Abstract Yeast models of neurodegenerative diseases associated with protein misfolding and protein aggregation have given unique insights into the underlying genetic and cellular pathomechanisms. These yeast models recapitulate central aspects of protein misfolding and the ensuing toxicity, such as interference with cellular protein quality control, concentration-dependent formation of insoluble, often amyloid-like aggregates and the associated toxicity. Advanced age is undoubtedly the highest and most common risk factor for most neurodegenerative diseases. Since yeast has served as a superb model to study cellular aspects of aging, we outline strategies to study how aging modulates protein misfolding and its toxicity, thereby opening new avenues to continue the success of yeast as powerful models to study neurodegenerative diseases. protein misfolding, aging, neurodegenerative diseases, yeast models NEURODEGENERATIVE DISEASES AND PROTEIN MISFOLDING Most neurodegenerative diseases are characterized by protein misfolding, i.e. the conversion of specific proteins from their normal, often soluble, and functional three-dimensional conformation into an aberrant, often insoluble, non-functional conformation (Soto 2003; Soto and Estrada 2008; Sweeney et al.2017). One of the major pathological hallmarks of protein misfolding associated with many neurodegenerative diseases are large protein inclusions or aggregates that are microscopically detectable and can be identified by biochemical assays (Ross and Poirier 2004; Demeule, Gurny and Arvinte 2007; Halfmann and Lindquist 2008; Tebbenkamp and Borchelt 2009). Numerous studies have determined the composition, subcellular localization and biophysical properties (e.g. the solubility, size, and stability) of these large inclusions from post mortem patient specimens but also from many well-established experimental systems, including mouse, fly, worm and certainly yeast models (van Ham et al.2009; Tenreiro and Outeiro 2010; Trancikova, Ramonet and Moore 2011; Harris and Littleton 2015; Patten et al.2016). Inclusions formed by different disease proteins seem to be quite similar at a first glance. Yet there are many distinguishing features for misfolded proteins in individual neurodegenerative diseases and their corresponding inclusions regarding protein and lipid composition, solubility, stability and subcellular localization. In addition, each neurodegenerative disease is characterized by protein inclusions in specific neuronal cells types and brain regions. For instance, Lewy bodies, the pathological hallmark protein inclusions in Parkinson's disease, are composed mainly of the misfolded protein alpha-synulcein and are mostly observed in the cytosol of dopaminergic neurons in the pars compacta of the substantia nigra of the midbrain (Dauer and Przedborski 2003). By contrast, protein inclusions in Huntington's disease, composed mainly of abnormally polyglutamine expanded huntingtin proteins, are typically observed in the cytosol and nucleus of medium pyramidal spiny neurons of the striatum (Tenreiro and Outeiro 2010; Trancikova, Ramonet and Moore 2011). Of note, our views on the role of protein inclusions in the pathogenesis of neurodegenerative diseases have evolved considerably. Early studies had suggested that these large inclusions represent the predominant toxic protein species, which induced neuronal dysfunction, neurotoxicity and neurodegeneration (Taylor, Hardy and Fischbeck 2002; Soto 2003; Irvine et al.2008). Consequently, dissolving these inclusions or preventing their accumulation has been the major therapeutic target in countless basic research initiatives and clinical trials (Soto 2003). To date, none of these efforts to target and modulate large protein inclusions has stopped or delayed neurodegeneration in humans (Gispert-Sanchez and Auburger 2006). Furthermore, several studies have detected large protein inclusions in brains of older yet neurologically unaffected individuals, indicating that inclusion formation can be a phenomenon associated with normal aging and not inevitable cause neurodegeneration (SantaCruz et al.2011). Studies over the past 15 years indicate that smaller oligomeric protein assemblies, which are more soluble and less stable than large inclusions, are the major toxic species and are the main cause for neurodegeneration (Walsh and Selkoe 2004; Glabe 2006). In addition, some reports present convincing evidence that large aggregates might even perform protective functions, possibly by sequestering highly toxic oligomers, thus reducing their toxicity (Sisodia 1998). Then again, large inclusions might merely be epiphenomena associated with protein misfolding and do not directly cause neurodegeneration (Walsh and Selkoe 2004; Hartl 2017). In sum, it seems imperative to re-assess the role of large inclusions and further explore how oligomers contribute to the pathogenesis of neurodegenerative diseases. Clearly, we have significantly expanded our knowledge regarding the cellular and biochemical nature of both oligomers and large inclusions formed by misfolded proteins. Yet their role in neurodegeneration remains mostly unclear. In fact, many results and concepts appear contradictory or at least difficult to reconcile. Deciphering how aging contributes to oligomer formation, inclusions and neurotoxicity will be central to delineate how protein misfolding results in neurodegeneration and determining the role of inclusions in these diseases. Here we present arguments that indicate that experiments in genetically and biochemically tractable yeast models combining aging and protein misfolding hold great potential to contribute to solve these conundrums. YEAST MODELS OF PROTEIN MISFOLDING The groundbreaking, imaginative and often audacious research lead by the late Susan Lindquist has made tremendous contributions to establishing yeast as a formidable research tool to explore protein misfolding, its interaction with cellular protein quality control systems and its role in neurodegenerative diseases (Fuchs 2016). Moreover, research in the Lindquist lab has determined major genetic and cellular mechanisms that contribute to the toxicity associated with protein misfolding. Many of these findings in yeast models have been confirmed in studies using other model organisms (e.g. worms, flies and mice) and even human patients, and have provided the basis to establish previously unexplored therapeutic targets for the treatment of neurodegenerative diseases. Here are three examples of these yeast success stories. Yeast models for polyglutamine (polyQ) expansion disorders, such as Huntington's disease, have given insights into how the misfolding of polyglutamine expansion proteins and their toxicity are strictly controlled by the amino acids flanking the polyQ region and their interactions with other proteins that are prone to misfold (Krobitsch and Lindquist 2000; Muchowski et al.2000; Hughes et al.2001; Meriin et al.2002; Dehay and Bertolotti 2006; Duennwald et al.2006; Sokolov et al.2006; Mason and Giorgini 2011). Furthermore, studies in yeast have uncovered how polyQ proteins interfere with cellular protein quality control by blocking the degradation of endoplasmic reticulum (ER) proteins (ERAD), thus causing ER stress and eliciting the unfolded protein response (UPR) (Duennwald and Lindquist 2008; Duennwald 2015; Jiang, Chadwick and Lajoie 2016). This is a rather unexpected nexus since misfolded polyQ protein localize to the cytoplasm and not to the ER. Simultaneously, polyQ proteins impair the activation Hsf1 (heat shock transcription factor 1) and consequently the heat shock response (HSR) (Cashikar, Duennwald and Lindquist 2005; Duennwald and Lindquist 2008; Neef et al.2010; Labbadia et al.2011; Chafekar and Duennwald 2012; Riva et al.2012; Bersuker et al.2013). Numerous effective yeast models have been established to study amyotrophic lateral sclerosis (ALS) and explore the associated protein misfolding of SOD1, TDP-43, FUS and many other proteins (Bastow, Gourlay and Tuite 2011; Tenreiro et al.2013). Here, we would like to highlight exciting work by the Gitler lab that found in a yeast screen that ataxin2 is a major factor in determining TDP-43 toxicity. Their ensuing work validated this finding in TDP-43 mouse models and determined that mutant alleles of the gene encoding ataxin2 present a significant risk factor for ALS in humans (Elden et al.2010; Becker et al.2017). Yeast models expressing alpha-synuclein, beta-synuclein and other proteins have also significantly contributed to uncovering how protein misfolding contributes to neurodegeneration in Parkinson's disease (Tenreiro et al.2017). For instance, an unbiased yeast screen revealed that misfolded alpha-synulcein disturbs vesicular transport between the ER and the Golgi complex (Cooper et al.2006). Many more yeast models have been established and delivered novel insights into how different misfolded proteins disturb cellular functions and thus cause toxicity, e.g. in Alzheimer's disease, and prion diseases (Ma and Lindquist 1999; Treusch et al.2011). Table 1 lists yeast models for different neurodegenerative diseases and misfolded proteins and summarizes some major findings derived from these studies. Table 1. Lists of neurodegenerative disorders and the associated misfolded proteins that have been identified in each disease. The proposed biological function of each protein is also listed. Neurodegenerative disease Misfolded protein Proposed cellular pathway affected References PloyQ expansion diseases Huntington's disease PolyQ huntingtin Transcription regulation, protein degradation, protein folding chaperoning, synaptic signalling, mitochondrial maintenance and localisation, ERAD, Golgi localisation, vesicular transport, active microtubule-mediated transport, vacuolar degradation, apoptosis, increases ROS, tryptophan metabolism Krobitsch and Lindquist (2000), Muchowski et al. (2000, 2002), Hughes et al. (2001), Meriin et al. (2002), Willingham et al. (2003), Giorgini et al. (2005), Solans et al. (2006), Sokolov et al. (2006), Dehay and Bertolotti (2006), Duennwald et al. (2006), Tam et al. (2006), Duennwald and Lindquist (2008), Bonanomi et al. (2015), Park et al. (2013) Spinocerebellar ataxia PolyQ Sca3 Oxydative stress response, ROS accumulation Bonanomi et al. (2015), Park et al. (2013) PolyQ Sca10 DNA replication Cherng et al. (2011) Kennedy's disease PolyQ androgen receptor AR transactivation Hsiao et al. (1999) Parkinson's dsease α-Synuclein ER/golgi transport, mitophagy, mitochondria activity, oxidative stress response, protein translation/degradation, autophagy, Microtubule and actin regulation, synaptic vesicular trafficking, lipid raft interactions, apoptosis Outeiro and Lindquist (2003), Willingham et al. (2003), Dixon et al. (2005), Flower et al. (2005, 2007), Zabrocki et al. (2005) β-synuclein, γ-Synuclein Endoplasmic reticulum-to-Golgi trafficking, inclusion formation Tenreiro et al. (2016) Amyotrophic lateral sclerosis SOD1 Oxidative stress response, RNA metabolism/RNA processing, nucleocytoplasmic transport, caspase activation, microtubule homeostasis Nishida et al. (1994), Gunther et al. (2004) Frontal temporal lobar degeneration FUS RNA metabolism/RNA processing Fushimi et al. (2011), Ju et al. (2011), Kryndushkin, Wickner and Shewmaker (2011), Sun et al. (2011) TDP-43 RNA metabolism/RNA processing Johnson et al. (2009), Fushimi et al. (2011), Ju et al. (2011), Kryndushkin, Wickner and Shewmaker (2011), Sun et al. (2011) C9orf72 RNA processing, nucleocytoplasmic transport Jovičić et al. (2015) Ataxin2 TDP-43 modification Bonini and Gitler (2011) Alzheimer's disease Aβ Synaptic signalling, microtubule homeostasis, heat shock response Zhang et al.1994, 1997), Greenfield et al. (1999), Caine et al. (2007), Sparvero et al. (2007) Tau Microtubule homeostasis Vandebroek et al. (2005, 2006), Vanhelmont et al. (2010), De Vos et al. (2011) Prion diseases PrPSc Heat shock response, inflammatory response, ER/golgi misocalization Ma and Lindquist (1999), Chernoff (2007), Collinge and Clarke (2007) Fredrich's ataxia Frataxin Mitochondrial FeS cluster biogenesis, oxidative stress response, protease dysfunction Muhlenhoff et al. (2002), Bulteau et al. (2007) Neurodegenerative disease Misfolded protein Proposed cellular pathway affected References PloyQ expansion diseases Huntington's disease PolyQ huntingtin Transcription regulation, protein degradation, protein folding chaperoning, synaptic signalling, mitochondrial maintenance and localisation, ERAD, Golgi localisation, vesicular transport, active microtubule-mediated transport, vacuolar degradation, apoptosis, increases ROS, tryptophan metabolism Krobitsch and Lindquist (2000), Muchowski et al. (2000, 2002), Hughes et al. (2001), Meriin et al. (2002), Willingham et al. (2003), Giorgini et al. (2005), Solans et al. (2006), Sokolov et al. (2006), Dehay and Bertolotti (2006), Duennwald et al. (2006), Tam et al. (2006), Duennwald and Lindquist (2008), Bonanomi et al. (2015), Park et al. (2013) Spinocerebellar ataxia PolyQ Sca3 Oxydative stress response, ROS accumulation Bonanomi et al. (2015), Park et al. (2013) PolyQ Sca10 DNA replication Cherng et al. (2011) Kennedy's disease PolyQ androgen receptor AR transactivation Hsiao et al. (1999) Parkinson's dsease α-Synuclein ER/golgi transport, mitophagy, mitochondria activity, oxidative stress response, protein translation/degradation, autophagy, Microtubule and actin regulation, synaptic vesicular trafficking, lipid raft interactions, apoptosis Outeiro and Lindquist (2003), Willingham et al. (2003), Dixon et al. (2005), Flower et al. (2005, 2007), Zabrocki et al. (2005) β-synuclein, γ-Synuclein Endoplasmic reticulum-to-Golgi trafficking, inclusion formation Tenreiro et al. (2016) Amyotrophic lateral sclerosis SOD1 Oxidative stress response, RNA metabolism/RNA processing, nucleocytoplasmic transport, caspase activation, microtubule homeostasis Nishida et al. (1994), Gunther et al. (2004) Frontal temporal lobar degeneration FUS RNA metabolism/RNA processing Fushimi et al. (2011), Ju et al. (2011), Kryndushkin, Wickner and Shewmaker (2011), Sun et al. (2011) TDP-43 RNA metabolism/RNA processing Johnson et al. (2009), Fushimi et al. (2011), Ju et al. (2011), Kryndushkin, Wickner and Shewmaker (2011), Sun et al. (2011) C9orf72 RNA processing, nucleocytoplasmic transport Jovičić et al. (2015) Ataxin2 TDP-43 modification Bonini and Gitler (2011) Alzheimer's disease Aβ Synaptic signalling, microtubule homeostasis, heat shock response Zhang et al.1994, 1997), Greenfield et al. (1999), Caine et al. (2007), Sparvero et al. (2007) Tau Microtubule homeostasis Vandebroek et al. (2005, 2006), Vanhelmont et al. (2010), De Vos et al. (2011) Prion diseases PrPSc Heat shock response, inflammatory response, ER/golgi misocalization Ma and Lindquist (1999), Chernoff (2007), Collinge and Clarke (2007) Fredrich's ataxia Frataxin Mitochondrial FeS cluster biogenesis, oxidative stress response, protease dysfunction Muhlenhoff et al. (2002), Bulteau et al. (2007) View Large Table 1. Lists of neurodegenerative disorders and the associated misfolded proteins that have been identified in each disease. The proposed biological function of each protein is also listed. Neurodegenerative disease Misfolded protein Proposed cellular pathway affected References PloyQ expansion diseases Huntington's disease PolyQ huntingtin Transcription regulation, protein degradation, protein folding chaperoning, synaptic signalling, mitochondrial maintenance and localisation, ERAD, Golgi localisation, vesicular transport, active microtubule-mediated transport, vacuolar degradation, apoptosis, increases ROS, tryptophan metabolism Krobitsch and Lindquist (2000), Muchowski et al. (2000, 2002), Hughes et al. (2001), Meriin et al. (2002), Willingham et al. (2003), Giorgini et al. (2005), Solans et al. (2006), Sokolov et al. (2006), Dehay and Bertolotti (2006), Duennwald et al. (2006), Tam et al. (2006), Duennwald and Lindquist (2008), Bonanomi et al. (2015), Park et al. (2013) Spinocerebellar ataxia PolyQ Sca3 Oxydative stress response, ROS accumulation Bonanomi et al. (2015), Park et al. (2013) PolyQ Sca10 DNA replication Cherng et al. (2011) Kennedy's disease PolyQ androgen receptor AR transactivation Hsiao et al. (1999) Parkinson's dsease α-Synuclein ER/golgi transport, mitophagy, mitochondria activity, oxidative stress response, protein translation/degradation, autophagy, Microtubule and actin regulation, synaptic vesicular trafficking, lipid raft interactions, apoptosis Outeiro and Lindquist (2003), Willingham et al. (2003), Dixon et al. (2005), Flower et al. (2005, 2007), Zabrocki et al. (2005) β-synuclein, γ-Synuclein Endoplasmic reticulum-to-Golgi trafficking, inclusion formation Tenreiro et al. (2016) Amyotrophic lateral sclerosis SOD1 Oxidative stress response, RNA metabolism/RNA processing, nucleocytoplasmic transport, caspase activation, microtubule homeostasis Nishida et al. (1994), Gunther et al. (2004) Frontal temporal lobar degeneration FUS RNA metabolism/RNA processing Fushimi et al. (2011), Ju et al. (2011), Kryndushkin, Wickner and Shewmaker (2011), Sun et al. (2011) TDP-43 RNA metabolism/RNA processing Johnson et al. (2009), Fushimi et al. (2011), Ju et al. (2011), Kryndushkin, Wickner and Shewmaker (2011), Sun et al. (2011) C9orf72 RNA processing, nucleocytoplasmic transport Jovičić et al. (2015) Ataxin2 TDP-43 modification Bonini and Gitler (2011) Alzheimer's disease Aβ Synaptic signalling, microtubule homeostasis, heat shock response Zhang et al.1994, 1997), Greenfield et al. (1999), Caine et al. (2007), Sparvero et al. (2007) Tau Microtubule homeostasis Vandebroek et al. (2005, 2006), Vanhelmont et al. (2010), De Vos et al. (2011) Prion diseases PrPSc Heat shock response, inflammatory response, ER/golgi misocalization Ma and Lindquist (1999), Chernoff (2007), Collinge and Clarke (2007) Fredrich's ataxia Frataxin Mitochondrial FeS cluster biogenesis, oxidative stress response, protease dysfunction Muhlenhoff et al. (2002), Bulteau et al. (2007) Neurodegenerative disease Misfolded protein Proposed cellular pathway affected References PloyQ expansion diseases Huntington's disease PolyQ huntingtin Transcription regulation, protein degradation, protein folding chaperoning, synaptic signalling, mitochondrial maintenance and localisation, ERAD, Golgi localisation, vesicular transport, active microtubule-mediated transport, vacuolar degradation, apoptosis, increases ROS, tryptophan metabolism Krobitsch and Lindquist (2000), Muchowski et al. (2000, 2002), Hughes et al. (2001), Meriin et al. (2002), Willingham et al. (2003), Giorgini et al. (2005), Solans et al. (2006), Sokolov et al. (2006), Dehay and Bertolotti (2006), Duennwald et al. (2006), Tam et al. (2006), Duennwald and Lindquist (2008), Bonanomi et al. (2015), Park et al. (2013) Spinocerebellar ataxia PolyQ Sca3 Oxydative stress response, ROS accumulation Bonanomi et al. (2015), Park et al. (2013) PolyQ Sca10 DNA replication Cherng et al. (2011) Kennedy's disease PolyQ androgen receptor AR transactivation Hsiao et al. (1999) Parkinson's dsease α-Synuclein ER/golgi transport, mitophagy, mitochondria activity, oxidative stress response, protein translation/degradation, autophagy, Microtubule and actin regulation, synaptic vesicular trafficking, lipid raft interactions, apoptosis Outeiro and Lindquist (2003), Willingham et al. (2003), Dixon et al. (2005), Flower et al. (2005, 2007), Zabrocki et al. (2005) β-synuclein, γ-Synuclein Endoplasmic reticulum-to-Golgi trafficking, inclusion formation Tenreiro et al. (2016) Amyotrophic lateral sclerosis SOD1 Oxidative stress response, RNA metabolism/RNA processing, nucleocytoplasmic transport, caspase activation, microtubule homeostasis Nishida et al. (1994), Gunther et al. (2004) Frontal temporal lobar degeneration FUS RNA metabolism/RNA processing Fushimi et al. (2011), Ju et al. (2011), Kryndushkin, Wickner and Shewmaker (2011), Sun et al. (2011) TDP-43 RNA metabolism/RNA processing Johnson et al. (2009), Fushimi et al. (2011), Ju et al. (2011), Kryndushkin, Wickner and Shewmaker (2011), Sun et al. (2011) C9orf72 RNA processing, nucleocytoplasmic transport Jovičić et al. (2015) Ataxin2 TDP-43 modification Bonini and Gitler (2011) Alzheimer's disease Aβ Synaptic signalling, microtubule homeostasis, heat shock response Zhang et al.1994, 1997), Greenfield et al. (1999), Caine et al. (2007), Sparvero et al. (2007) Tau Microtubule homeostasis Vandebroek et al. (2005, 2006), Vanhelmont et al. (2010), De Vos et al. (2011) Prion diseases PrPSc Heat shock response, inflammatory response, ER/golgi misocalization Ma and Lindquist (1999), Chernoff (2007), Collinge and Clarke (2007) Fredrich's ataxia Frataxin Mitochondrial FeS cluster biogenesis, oxidative stress response, protease dysfunction Muhlenhoff et al. (2002), Bulteau et al. (2007) View Large Importantly, the genetic and cellular pathways that have been identified in yeast associated with protein misfolding and toxicity hardly overlap between different disease models (Willingham et al.2003). This is impressively exemplified by two unbiased genetic screens carried out side by side under identical conditions aimed at identifying genetic modifiers of polyQ and alpha-synuclein toxicity (Willingham et al.2003). These screens identified only one gene that altered the toxicity of both misfolded proteins. These results together with many more published studies show that yeast models do not merely reflect general or unspecific features of protein misfolding and its toxicity. Rather, yeast models give insights into highly specific genetic and cellular mechanisms that are distinct to each misfolded protein, thus reflecting the pathological and symptomatic diversity of different neurodegenerative diseases. AGING AND NEURODEGENERATION Advanced aged is undoubtedly the most significant and most common risk factor for most neurodegenerative diseases (Hung et al.2010; Wyss-Coray 2016). Only in rare, mostly inherited, cases do these diseases afflict younger individuals (Bertram and Tanzi 2005). Yet, how aging modulates protein misfolding and its toxicity and thus contribute to or even causes neurodegeneration remains mostly enigmatic. This is especially true at the levels of molecular, genetic and cellular mechanisms. We propose that yeast models have great potential to elucidate this nexus of protein misfolding and aging. Aging has a particularly strong impact on cellular protein quality control systems (Kourtis and Tavernarakis 2011). In many tissues and cell types, most notably the neurons in our brains, aging diminishes the activity and effectiveness of stress response programs, such as the HSR, the UPR and the anti-oxidant response (Calabrese et al.2010; Higuchi-Sanabria et al.2018). It remains unclear how exactly aging compromises these stress responses. Yet it is plausible that the accumulation of reactive oxygen species and the ensuing oxidative damage to lipids, nucleic acids and proteins contribute significantly. It follows that these compromised cellular defense systems do not adequately neutralize the toxic effect of protein misfolding, which over time results in neuronal dysfunction and eventually neurodegeneration. Clearly, many important aspects of the nexus of protein misfolding and aging remain unexplored and will require the use of genetically tractable model systems, such as yeast. YEAST AGING MODELS Yeast has been instrumental in determining genetic and cellular pathways associated with aging features, such as telomere shortening, increased oxidative stress and damage, altered metabolism and senescence (Austriaco and Guarente 1997; Shore 1998; Gershon and Gershon 2000; Chen, Ding and Keller 2005; Kaeberlein, Burtner and Kennedy 2007; Breitenbach et al.2014). Importantly, many findings from yeast are relevant to all eukaryotic cells, including human neurons. In fact, some features that are considered central trademarks of cellular aging were first discovered in yeast models. Yeast aficionados distinguish between two different aging paradigms. Replicative aging describes the number of cells divisions of mother cells before they stop dividing, whereas chronological aging describes the span of time cells maintain their viability, i.e. the ability to start dividing again after reaching stationary phase (Longo et al.2012). Like all microbes, yeast grows in different phases: lag phase, log phase (i.e. yeast cells divide exponentially) and stationary phase (i.e. yeast cells first divide extremely slowly and then completely cease to divide) (Longo et al.2012). These growth phases have distinct metabolic profiles (Fig. 1). Mid-log phase yeast cells mostly use glycolysis to generate ATP and provide the many building blocks required to produce proteins, lipids and other metabolites that support ongoing growth and cell division. By contrast, stationary phase cells switch to oxidative phosphorylation for ATP production, and thus require the metabolic activity of their mitochondria (Fig. 2) (Herman 2002). Figure 1. View largeDownload slide Growth phases of yeast. Theoretical yeast growth curve in nutrient rich medium. Young cells undergo exponential growth until undergoing the diauxic shift at the end of log phase. Post diauxic shift cells are considered aged and are characterized by changes in metabolism, cellular quality control and the increased presence of ROS. Figure 1. View largeDownload slide Growth phases of yeast. Theoretical yeast growth curve in nutrient rich medium. Young cells undergo exponential growth until undergoing the diauxic shift at the end of log phase. Post diauxic shift cells are considered aged and are characterized by changes in metabolism, cellular quality control and the increased presence of ROS. Figure 2. View largeDownload slide Aged yeast cells share many molecular features with neuronal cells, whereas young yeast cells do not. Morphological changes include an increase in size and vacuole expansion (arrowhead). Additionally, cells undergo cellular senescence and switch to oxidative phosphorylation. Shifts in metabolism, cell quality control pathways and the increased presence of ROS mark aged yeast cells as a useful model to study the connection of aging and neurodegenerative disorders. Figure 2. View largeDownload slide Aged yeast cells share many molecular features with neuronal cells, whereas young yeast cells do not. Morphological changes include an increase in size and vacuole expansion (arrowhead). Additionally, cells undergo cellular senescence and switch to oxidative phosphorylation. Shifts in metabolism, cell quality control pathways and the increased presence of ROS mark aged yeast cells as a useful model to study the connection of aging and neurodegenerative disorders. Studying replicative aging in yeast provides important insights into protein misfolding and cellular protein quality control, mainly how misfolded proteins are distributed between mother and daughter cells (Longo et al.2012). Yet several common features make chronological aged yeast cells a more relevant model to study protein misfolding in neurodegenerative diseases: aged neurons and chronologically aged yeast cells both are cell cycle arrested, rely heavily on oxidative phosphorylation for ATP production, have increased autophagic activity and show increased levels of oxidative stress, to name a few major ones (Fig. 2) (Herman 2002; Zakrajsek, Raspor and Jamnik 2011). In addition, cellular protein quality control in chronologically aged yeast cells may reflect more accurately the protein quality control systems in aged neurons, particularly when compared to dividing mid-log cells. Generally, dividing cells provide a cellular protein quality control system that supports the proper de novo synthesis of proteins, e.g. co-translational protein folding. In addition, dividing cells can prevent toxic effects of protein misfolding by distributing misfolded proteins between mother and daughter cells, thus effectively lowering the concentration of misfolded proteins in cells (Erjavec et al.2007; Nystrom and Liu 2014; Yang et al.2015). By contrast, chronologically aged cells do not divide and are characterized by overall reduced protein biosynthesis (Herman 2002; Zakrajsek, Raspor and Jamnik 2011). Thus, chronologically aged cells rather support proper protein maintenance, repair and degradation of damaged and misfolded proteins by the ubiquitin-proteasome system or autophagy (Herman 2002; Zakrajsek, Raspor and Jamnik 2011; Martinez-Lopez, Athonvarangkul and Singh 2015; Korovila et al.2017). Most published studies do not detect genetic interactions between protein misfolding and many pathways that have been strongly indicated in neurodegenerative diseases. For instance, genes involved in mitochondrial metabolism and homeostasis, and oxidative stress management are suspiciously underrepresented. We argue that this is caused by the mostly fermenting metabolism of the hitherto employed yeast models and their rather rapid cell division cycle. Combing chronological aging with protein misfolding holds great potential to fill these gaps. Collectively, using chronologically aged yeast cells expressing misfolded proteins presents a great but mostly underexplored opportunity to elucidate how aging influences protein misfolding and how protein misfolding affects cellular aging. Yet, only but a few studies, mostly using polyQ proteins (Cohen et al.2012, 2016), have begun to take advantage of this new experimental paradigm. HOW TO BUILD A YEAST MODEL OF PROTEIN MISFOLDING AND AGING? Most established yeast models use inducible promotor systems, i.e. the GAL promotor, which is repressed in yeast cells growing in glucose as carbon source and induced in yeast cells grown in galactose (Weinhandl et al.2014). This experimental set-up has many advantages: it allows the timed expression of potentially highly toxic misfolded proteins by simply switching the growth medium from glucose- to galactose-containing media. The toxicity of a given misfolded protein is then monitored by either growth of yeast colonies on solid media (plates) or by determining growth rates in liquid yeast cultures. The absence or reduction of growth, i.e. the inability to divide and form a colony on a plate or increase the optical density of a liquid culture, reflects the toxicity of a misfolded protein in yeast. This growth phenotype can result from different underlying cellular processes: yeast cells expressing misfolded proteins may completely cease to divide or have reduced cell division rates. In these scenarios, the cells may still be alive, i.e. remain metabolically active and maintain their ability to re-enter the cell cycle once the expression of the misfolded protein stops (e.g. by repressing the GAL promoter). Alternatively, yeast cells expressing a toxic misfolded protein can undergo cell death. Notably, both means of toxicity have been observed for different misfolded proteins. For instance, we have found that expression of polyQ proteins results in growth arrest, whereas high expression of alpha-synuclein results in rather rapid cell death (Duennwald and Lindquist 2008; Chadwick et al.2016). Growth defects are certainly the most tractable and quantitative phenotype in yeast and therefore have been used in most studies. We would like to point out, however, that cell cycle arrest does not equate to the toxicity of misfolded proteins in neurodegenerative diseases. The neurons affected in these diseases do not normally divide and are thus affected by the wear and tear of aging. Also, the high expression of misfolded proteins using the GAL system does not equate the ongoing expression of misfolded proteins in neurodegenerative diseases. Rather, these GAL yeast models produce very acute and sudden toxicity. Most misfolded proteins, however, are expressed continuously in neurons long before the onset of neurodegeneration and typically only advanced age induces or unmasks their toxicity (Hung et al.2010). To address these issues, we propose different experimental conditions to study protein misfolding in chronologically aged yeast cells. We suggest using relatively weak and constitutively active promoters (e.g. the GPD, ADH or the MET25 promoters) to regulate the expression of misfolded proteins. Ideally this expression level would not result in any toxicity in ‘young’ yeast cells, i.e. in cells grown in mid-log phase. The cells can then be ‘aged’, i.e. grown into stationary phase in liquid cultures over prolonged periods of time (Figs 1 and 3). The age-dependent toxicity of misfolded proteins can then be assessed by spotting assays on plates, which will determine the yeast cells’ ability to grow, and the use of cell death assays, such as propidium iodide staining, during the course of aging (Duennwald 2012, 2013; Chadwick et al.2016). Figure 3. View largeDownload slide Yeast models of protein misfolding and aging. The wide selection of expression systems in yeast models allows for the experimental optimization of aging studies and (a) illustrates the strong, inducible systems under which there is high expression of the misfolded protein of interest. This model yields acute toxicity that is greatly exacerbated upon aging and (b) illustrates the weak, constitutive expression systems. This model yields minimal toxicity in young cells, thus allowing to monitor age-dependent toxicity of misfolded proteins. Figure 3. View largeDownload slide Yeast models of protein misfolding and aging. The wide selection of expression systems in yeast models allows for the experimental optimization of aging studies and (a) illustrates the strong, inducible systems under which there is high expression of the misfolded protein of interest. This model yields acute toxicity that is greatly exacerbated upon aging and (b) illustrates the weak, constitutive expression systems. This model yields minimal toxicity in young cells, thus allowing to monitor age-dependent toxicity of misfolded proteins. Genetic screens in these yeast models have great potential to uncover previously unexplored pathways that contribute to age-dependent protein misfolding and toxicity. For example, such screens may identify cellular pathways regulating the proper function and homeostasis of mitochondria as central to the toxicity of distinct misfolded proteins. This chronological aging model might also unmask the toxicity associated with protein misfolding in other yeast species, such as fission yeast Schizosaccharomyces pombe and Candida albicans. Our published work has shown that these yeast species show extreme resistance to polyglutamine aggregation and toxicity (Zurawel et al.2016; Leach et al.2017). These yeast species are evolutionary quite distant from S. cerevisiae and might thus possess different protein quality control and cellular homeostasis mechanisms (Herrero 2005; Lin and Austriaco 2014). Aging models of these and possibly other yeasts might thus help to unravel many different general aspects of how aging modulates protein misfolding and its toxicity. 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FEMS Yeast ResearchOxford University Press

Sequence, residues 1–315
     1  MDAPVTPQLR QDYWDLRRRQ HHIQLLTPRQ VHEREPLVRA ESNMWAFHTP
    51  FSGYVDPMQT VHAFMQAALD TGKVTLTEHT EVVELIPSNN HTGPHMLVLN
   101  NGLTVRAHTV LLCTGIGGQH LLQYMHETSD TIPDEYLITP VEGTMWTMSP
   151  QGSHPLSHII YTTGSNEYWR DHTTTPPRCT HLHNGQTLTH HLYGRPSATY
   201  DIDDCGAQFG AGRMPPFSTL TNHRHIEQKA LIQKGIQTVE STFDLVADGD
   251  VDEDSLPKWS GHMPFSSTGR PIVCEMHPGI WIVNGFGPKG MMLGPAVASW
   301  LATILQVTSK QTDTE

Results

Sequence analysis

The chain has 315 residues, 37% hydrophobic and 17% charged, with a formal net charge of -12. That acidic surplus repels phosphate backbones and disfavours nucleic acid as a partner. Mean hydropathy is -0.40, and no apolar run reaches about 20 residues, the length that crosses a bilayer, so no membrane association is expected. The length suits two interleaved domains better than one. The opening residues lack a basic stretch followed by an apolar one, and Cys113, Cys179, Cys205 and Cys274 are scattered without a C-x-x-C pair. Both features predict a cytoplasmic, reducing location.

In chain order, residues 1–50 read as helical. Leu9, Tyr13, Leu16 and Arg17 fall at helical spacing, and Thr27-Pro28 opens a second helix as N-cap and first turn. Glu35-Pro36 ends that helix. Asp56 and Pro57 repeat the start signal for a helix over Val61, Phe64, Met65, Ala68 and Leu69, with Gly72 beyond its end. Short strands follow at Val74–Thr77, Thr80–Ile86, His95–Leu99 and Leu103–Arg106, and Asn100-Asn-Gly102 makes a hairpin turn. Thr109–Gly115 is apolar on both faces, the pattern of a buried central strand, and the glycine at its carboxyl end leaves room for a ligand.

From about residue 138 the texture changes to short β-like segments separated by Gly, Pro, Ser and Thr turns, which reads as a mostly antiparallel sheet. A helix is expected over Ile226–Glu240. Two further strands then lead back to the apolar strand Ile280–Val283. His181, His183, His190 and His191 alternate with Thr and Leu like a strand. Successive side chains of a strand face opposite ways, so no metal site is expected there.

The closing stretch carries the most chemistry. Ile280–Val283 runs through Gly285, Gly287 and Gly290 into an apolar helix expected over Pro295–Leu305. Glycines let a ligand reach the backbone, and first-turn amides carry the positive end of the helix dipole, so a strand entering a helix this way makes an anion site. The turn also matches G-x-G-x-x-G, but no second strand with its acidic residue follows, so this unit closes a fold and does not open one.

Published: May 15, 2018